However, powered by a global Internet and passionate fans with translation abilities, scanned copies of manga titles first trickled and then flooded into the West, creating a massive market and future demand for this Japanese cultural product where none previously existed.
Manga pirates often take credit for what amounted to a highly successful unpaid marketing project but having seen the potential, manga publishers understandably want this market for themselves. In more recent years, great strides have been made toward giving manga fans outside Japan improved legal options but pirate sites still exist and publishers now want them gone.
Legal Action by Publisher Shueisha
Ever since an investigation was revealed into the former operator of manga piracy giant Mangamura, publisher Shueisha has been closely connected to an increasing number of large piracy investigations. From the disappearance of Mangastream in 2019 to the shutdown of Mangabank in 2021, Shueisha (along with anti-piracy partners Shogakukan, Kadokawa and Kodansha) have rarely been far from the action.
Competing With Piracy
In January 2019, Shueisha launched direct publishing platform MANGA Plus with accompanying mobile apps. It’s proven popular with fans for the range of free content in multiple languages but for a number of reasons it fails to compete with pirate sites.
For example, readers of many series are met with a message stating, Our current license prohibits us from publishing the in-between chapters, a problem pirate sites never face. These types of issues aren’t insurmountable long term but in the short term, pirate sites obviously prove attractive.
Need Sensitive Information From Users? Just Ask Them For It
To get a better idea of what customers want from MANGA Plus, the company is running a survey asking questions about the languages read most on the service, quality of translations, potential purchasing habits (including volume and preference for in-app currencies), how much users would pay to bridge the “missing chapters” issue, and which new comics users would like to see on MANGA Plus.
These are obviously solid questions for improving customer experience, overall satisfaction, and for gauging what people are prepared to pay to get the features they want. But of course, Shueisha’s manga business is challenged by illegal pirate alternatives, something the company doesn’t even try to hide.
Confess Here Please
As early as question four in the survey, Shueisha invites users of its MANGA Plus service to admit to copyright infringement, with question five asking them to name the pirate site they use often (or occasionally) to break the law.
There are two ways of looking at these questions, with the less cynical suggesting that Shueisha simply wants to look at these platforms and work out what it can do to be more like them, whether that relates to the speed of release, the sheer volume of content, functionality, and/or familiarity. Indeed, question six does just that.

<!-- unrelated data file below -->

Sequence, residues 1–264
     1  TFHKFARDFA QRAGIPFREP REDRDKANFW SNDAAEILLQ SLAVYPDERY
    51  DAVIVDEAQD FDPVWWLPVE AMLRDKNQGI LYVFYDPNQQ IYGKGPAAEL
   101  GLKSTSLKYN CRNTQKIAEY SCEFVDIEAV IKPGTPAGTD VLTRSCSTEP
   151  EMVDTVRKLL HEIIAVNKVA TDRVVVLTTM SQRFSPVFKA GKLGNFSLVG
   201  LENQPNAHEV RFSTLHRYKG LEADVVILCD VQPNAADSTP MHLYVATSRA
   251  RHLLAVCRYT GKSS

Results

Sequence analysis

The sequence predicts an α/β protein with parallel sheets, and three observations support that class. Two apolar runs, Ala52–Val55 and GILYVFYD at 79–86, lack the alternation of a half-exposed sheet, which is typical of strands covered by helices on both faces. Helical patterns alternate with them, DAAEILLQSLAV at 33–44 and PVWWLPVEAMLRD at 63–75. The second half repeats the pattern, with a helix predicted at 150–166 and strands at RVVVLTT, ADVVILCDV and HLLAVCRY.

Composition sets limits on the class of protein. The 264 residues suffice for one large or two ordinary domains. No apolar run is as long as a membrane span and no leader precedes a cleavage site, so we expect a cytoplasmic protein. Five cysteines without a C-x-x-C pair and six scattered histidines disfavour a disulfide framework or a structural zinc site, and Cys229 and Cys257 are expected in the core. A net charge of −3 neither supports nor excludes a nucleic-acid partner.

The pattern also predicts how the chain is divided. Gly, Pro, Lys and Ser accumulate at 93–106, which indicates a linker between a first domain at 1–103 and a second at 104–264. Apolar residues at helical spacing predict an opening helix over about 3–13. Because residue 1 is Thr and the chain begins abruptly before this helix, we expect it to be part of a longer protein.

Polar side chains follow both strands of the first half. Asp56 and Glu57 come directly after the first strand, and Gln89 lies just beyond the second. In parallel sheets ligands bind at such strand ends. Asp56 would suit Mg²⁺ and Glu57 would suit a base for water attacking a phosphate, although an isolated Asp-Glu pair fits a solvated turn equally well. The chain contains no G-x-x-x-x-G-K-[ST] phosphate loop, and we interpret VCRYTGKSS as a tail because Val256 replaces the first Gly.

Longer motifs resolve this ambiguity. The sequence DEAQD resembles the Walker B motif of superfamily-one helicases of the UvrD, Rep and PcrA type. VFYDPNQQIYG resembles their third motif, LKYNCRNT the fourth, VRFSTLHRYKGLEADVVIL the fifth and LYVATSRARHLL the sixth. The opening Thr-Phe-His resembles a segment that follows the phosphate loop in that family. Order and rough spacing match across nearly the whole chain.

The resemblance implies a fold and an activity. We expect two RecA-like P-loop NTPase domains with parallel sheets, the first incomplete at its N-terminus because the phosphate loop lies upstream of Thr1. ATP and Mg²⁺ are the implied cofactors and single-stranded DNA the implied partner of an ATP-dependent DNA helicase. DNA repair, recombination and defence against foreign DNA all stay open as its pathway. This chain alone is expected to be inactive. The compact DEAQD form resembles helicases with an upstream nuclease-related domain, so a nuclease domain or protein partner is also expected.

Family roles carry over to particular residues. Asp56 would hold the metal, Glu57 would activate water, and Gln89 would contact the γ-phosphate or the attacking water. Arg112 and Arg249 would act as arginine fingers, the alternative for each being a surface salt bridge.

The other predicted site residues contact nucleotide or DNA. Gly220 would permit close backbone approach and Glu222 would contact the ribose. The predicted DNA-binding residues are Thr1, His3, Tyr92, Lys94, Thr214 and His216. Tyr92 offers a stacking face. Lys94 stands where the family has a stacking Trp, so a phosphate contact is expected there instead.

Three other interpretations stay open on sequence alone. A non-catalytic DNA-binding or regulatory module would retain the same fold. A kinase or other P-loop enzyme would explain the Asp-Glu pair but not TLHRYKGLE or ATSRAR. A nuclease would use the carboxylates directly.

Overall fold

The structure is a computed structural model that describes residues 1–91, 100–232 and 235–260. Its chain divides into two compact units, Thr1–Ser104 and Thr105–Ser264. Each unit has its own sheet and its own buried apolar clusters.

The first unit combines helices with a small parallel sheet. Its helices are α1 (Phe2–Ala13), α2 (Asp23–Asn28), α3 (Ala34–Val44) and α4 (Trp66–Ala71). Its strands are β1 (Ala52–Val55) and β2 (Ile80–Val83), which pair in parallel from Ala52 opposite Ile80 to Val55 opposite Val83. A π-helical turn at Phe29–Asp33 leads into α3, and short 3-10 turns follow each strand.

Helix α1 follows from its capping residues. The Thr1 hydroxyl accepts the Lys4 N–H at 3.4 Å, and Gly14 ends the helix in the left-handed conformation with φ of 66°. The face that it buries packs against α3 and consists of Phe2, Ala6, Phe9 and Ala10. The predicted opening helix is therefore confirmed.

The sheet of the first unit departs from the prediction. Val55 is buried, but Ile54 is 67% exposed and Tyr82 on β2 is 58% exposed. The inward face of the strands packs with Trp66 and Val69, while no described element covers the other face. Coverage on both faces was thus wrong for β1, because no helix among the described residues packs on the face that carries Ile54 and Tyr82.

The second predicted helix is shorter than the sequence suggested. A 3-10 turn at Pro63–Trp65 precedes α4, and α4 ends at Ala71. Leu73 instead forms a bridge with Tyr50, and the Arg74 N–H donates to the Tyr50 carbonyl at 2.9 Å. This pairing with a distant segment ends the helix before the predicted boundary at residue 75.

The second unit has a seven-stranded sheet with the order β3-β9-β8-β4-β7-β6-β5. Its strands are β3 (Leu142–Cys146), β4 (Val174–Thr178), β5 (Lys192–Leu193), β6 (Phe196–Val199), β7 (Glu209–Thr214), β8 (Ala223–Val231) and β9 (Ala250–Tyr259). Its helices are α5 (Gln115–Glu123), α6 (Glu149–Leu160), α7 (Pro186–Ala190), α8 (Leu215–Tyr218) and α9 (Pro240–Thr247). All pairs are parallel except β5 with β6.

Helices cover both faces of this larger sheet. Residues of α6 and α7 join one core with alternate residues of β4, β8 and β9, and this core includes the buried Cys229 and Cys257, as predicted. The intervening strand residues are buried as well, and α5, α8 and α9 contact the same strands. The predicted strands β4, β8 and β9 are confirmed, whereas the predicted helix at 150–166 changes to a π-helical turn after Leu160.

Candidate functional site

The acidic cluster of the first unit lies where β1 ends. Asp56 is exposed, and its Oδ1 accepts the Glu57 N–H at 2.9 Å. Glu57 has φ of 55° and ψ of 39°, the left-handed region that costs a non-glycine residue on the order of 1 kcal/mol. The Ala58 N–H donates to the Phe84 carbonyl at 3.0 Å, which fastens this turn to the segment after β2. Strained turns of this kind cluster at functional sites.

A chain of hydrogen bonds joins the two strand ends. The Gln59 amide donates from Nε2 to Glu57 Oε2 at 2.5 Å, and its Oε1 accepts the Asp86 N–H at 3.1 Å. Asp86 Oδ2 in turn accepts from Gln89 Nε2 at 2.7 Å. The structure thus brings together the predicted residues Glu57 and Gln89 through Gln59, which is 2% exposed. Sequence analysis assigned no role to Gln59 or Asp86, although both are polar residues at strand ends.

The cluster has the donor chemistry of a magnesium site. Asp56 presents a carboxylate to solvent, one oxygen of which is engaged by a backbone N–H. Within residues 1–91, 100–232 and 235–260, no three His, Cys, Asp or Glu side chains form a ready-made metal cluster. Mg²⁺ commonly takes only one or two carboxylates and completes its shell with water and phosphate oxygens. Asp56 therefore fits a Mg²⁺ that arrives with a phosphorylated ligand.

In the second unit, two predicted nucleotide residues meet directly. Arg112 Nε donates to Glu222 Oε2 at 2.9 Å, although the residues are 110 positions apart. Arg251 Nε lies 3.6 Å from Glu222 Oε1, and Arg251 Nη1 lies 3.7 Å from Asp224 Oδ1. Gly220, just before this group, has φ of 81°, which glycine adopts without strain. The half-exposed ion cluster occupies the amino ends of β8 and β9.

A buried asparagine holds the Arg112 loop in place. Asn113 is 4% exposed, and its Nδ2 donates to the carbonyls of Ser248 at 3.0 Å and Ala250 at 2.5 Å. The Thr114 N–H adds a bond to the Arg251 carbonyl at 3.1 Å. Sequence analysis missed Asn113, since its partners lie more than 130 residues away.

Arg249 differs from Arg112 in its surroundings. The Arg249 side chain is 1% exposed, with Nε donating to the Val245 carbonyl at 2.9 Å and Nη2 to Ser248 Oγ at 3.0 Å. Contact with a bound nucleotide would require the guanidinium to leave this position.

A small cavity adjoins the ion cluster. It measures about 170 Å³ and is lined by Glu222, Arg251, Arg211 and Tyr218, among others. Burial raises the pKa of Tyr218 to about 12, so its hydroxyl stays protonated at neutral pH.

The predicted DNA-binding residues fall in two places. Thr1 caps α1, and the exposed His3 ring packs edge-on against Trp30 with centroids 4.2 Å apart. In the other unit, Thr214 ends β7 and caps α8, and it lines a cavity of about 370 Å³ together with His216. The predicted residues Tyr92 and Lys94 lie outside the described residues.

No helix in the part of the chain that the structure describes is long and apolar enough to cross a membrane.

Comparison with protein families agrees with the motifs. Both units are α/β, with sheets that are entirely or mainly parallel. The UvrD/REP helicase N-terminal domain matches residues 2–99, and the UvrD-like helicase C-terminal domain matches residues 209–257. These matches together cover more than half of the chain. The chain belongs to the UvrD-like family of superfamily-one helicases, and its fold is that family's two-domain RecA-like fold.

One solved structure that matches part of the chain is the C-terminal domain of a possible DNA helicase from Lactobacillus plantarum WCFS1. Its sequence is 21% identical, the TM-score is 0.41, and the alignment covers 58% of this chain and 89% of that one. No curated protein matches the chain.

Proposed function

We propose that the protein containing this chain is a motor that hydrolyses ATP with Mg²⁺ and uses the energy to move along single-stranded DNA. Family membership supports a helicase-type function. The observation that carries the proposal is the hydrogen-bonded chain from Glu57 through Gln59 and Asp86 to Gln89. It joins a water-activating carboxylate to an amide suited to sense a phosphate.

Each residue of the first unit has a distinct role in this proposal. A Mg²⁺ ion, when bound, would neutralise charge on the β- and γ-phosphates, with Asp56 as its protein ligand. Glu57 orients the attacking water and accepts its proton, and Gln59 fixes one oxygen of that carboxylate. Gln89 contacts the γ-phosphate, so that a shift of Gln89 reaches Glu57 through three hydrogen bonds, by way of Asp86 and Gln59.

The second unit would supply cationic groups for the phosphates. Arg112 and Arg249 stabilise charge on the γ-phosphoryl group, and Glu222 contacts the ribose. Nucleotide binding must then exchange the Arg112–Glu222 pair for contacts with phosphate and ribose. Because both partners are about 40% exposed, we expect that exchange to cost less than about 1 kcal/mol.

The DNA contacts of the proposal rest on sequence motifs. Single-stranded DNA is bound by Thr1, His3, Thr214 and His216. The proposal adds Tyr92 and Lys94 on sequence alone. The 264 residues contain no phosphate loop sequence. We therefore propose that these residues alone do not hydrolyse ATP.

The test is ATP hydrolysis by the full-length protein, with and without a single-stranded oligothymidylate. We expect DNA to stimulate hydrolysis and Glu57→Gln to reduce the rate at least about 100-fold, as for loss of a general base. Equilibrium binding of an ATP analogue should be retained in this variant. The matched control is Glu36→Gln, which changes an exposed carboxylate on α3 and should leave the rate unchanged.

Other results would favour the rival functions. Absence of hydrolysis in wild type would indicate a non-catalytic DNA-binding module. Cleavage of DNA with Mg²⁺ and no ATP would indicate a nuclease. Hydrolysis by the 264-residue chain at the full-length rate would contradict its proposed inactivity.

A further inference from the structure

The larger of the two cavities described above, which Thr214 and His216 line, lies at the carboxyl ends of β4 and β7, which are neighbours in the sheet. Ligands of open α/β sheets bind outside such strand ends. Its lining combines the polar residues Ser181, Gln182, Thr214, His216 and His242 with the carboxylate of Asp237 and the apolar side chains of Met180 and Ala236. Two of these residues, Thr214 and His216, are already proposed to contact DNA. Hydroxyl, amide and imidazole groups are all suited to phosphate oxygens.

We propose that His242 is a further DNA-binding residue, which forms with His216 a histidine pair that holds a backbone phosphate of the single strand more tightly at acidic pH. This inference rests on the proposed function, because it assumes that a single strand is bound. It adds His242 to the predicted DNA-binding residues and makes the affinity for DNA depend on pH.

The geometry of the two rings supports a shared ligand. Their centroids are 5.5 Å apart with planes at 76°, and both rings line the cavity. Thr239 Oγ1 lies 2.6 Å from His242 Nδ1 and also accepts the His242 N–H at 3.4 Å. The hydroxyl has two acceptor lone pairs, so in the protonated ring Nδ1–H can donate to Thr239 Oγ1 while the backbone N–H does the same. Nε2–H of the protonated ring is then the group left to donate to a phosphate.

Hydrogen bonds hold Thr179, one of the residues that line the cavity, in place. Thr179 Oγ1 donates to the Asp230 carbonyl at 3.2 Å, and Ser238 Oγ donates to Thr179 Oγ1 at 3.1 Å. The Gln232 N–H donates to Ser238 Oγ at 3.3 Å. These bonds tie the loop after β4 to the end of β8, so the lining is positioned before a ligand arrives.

Question eight directly asks how MANGAPlus can be improved, again with an emphasis on piracy. Options include update speed compared to pirate sites, catalog size, language support and the number of works available for free. It even acknowledges that users of MANGA Plus may have heard about Shueisha’s legal service on a pirate site.
Should People Be Confessing to Piracy?
Text on the app and on the website variant of the survey differ slightly, with the app version offering assurance as follows: “Your survey responses will just be used to help us make future decisions regarding Manga PLUS, so please feel free to answer honestly.”
Of course, running a survey like this on a platform used by manga fans makes absolute sense since answers are provided by active users in the best position to offer advice. That said, users of MANGA Plus putting themselves into a database of known piracy users, controlled by a company that has a reputation for cracking down on piracy, might not be the best idea – at least according to any lawyer.
Like most companies, Shueisha collects personal data including identification code[s] and location data unique to each mobile device, browsing history, plus email addresses or account IDs where relevant. These are retained for all the usual business reasons including “prevention or taking measures of wrongful act.”
Data collected from users can also be shared with Shueisha group members including VIZ Media, also known for its anti-piracy activities. Shueisha also reserves the right to hand over information to third parties in cases based on “laws and regulations including inquiry pursuant to Criminal Procedure Law.”
In the end, users will do what they feel is most appropriate but there are plenty of reports online of users being happy to hand over the requested information. In particular, people seem happy to list the pirate sites they like the most, which of course will not influence Shueisha in any way when it decides its next list of pirate sites to take down.
The interesting angle here is that at least today, Shueisha sees pirate sites as competition, as entities to keep up with, emulate, and ultimately beat. The big question is whether innovation will continue if it succeeds in taking most of them down, or whether it will use the data on how much people are prepared to pay to capitalize on its new market.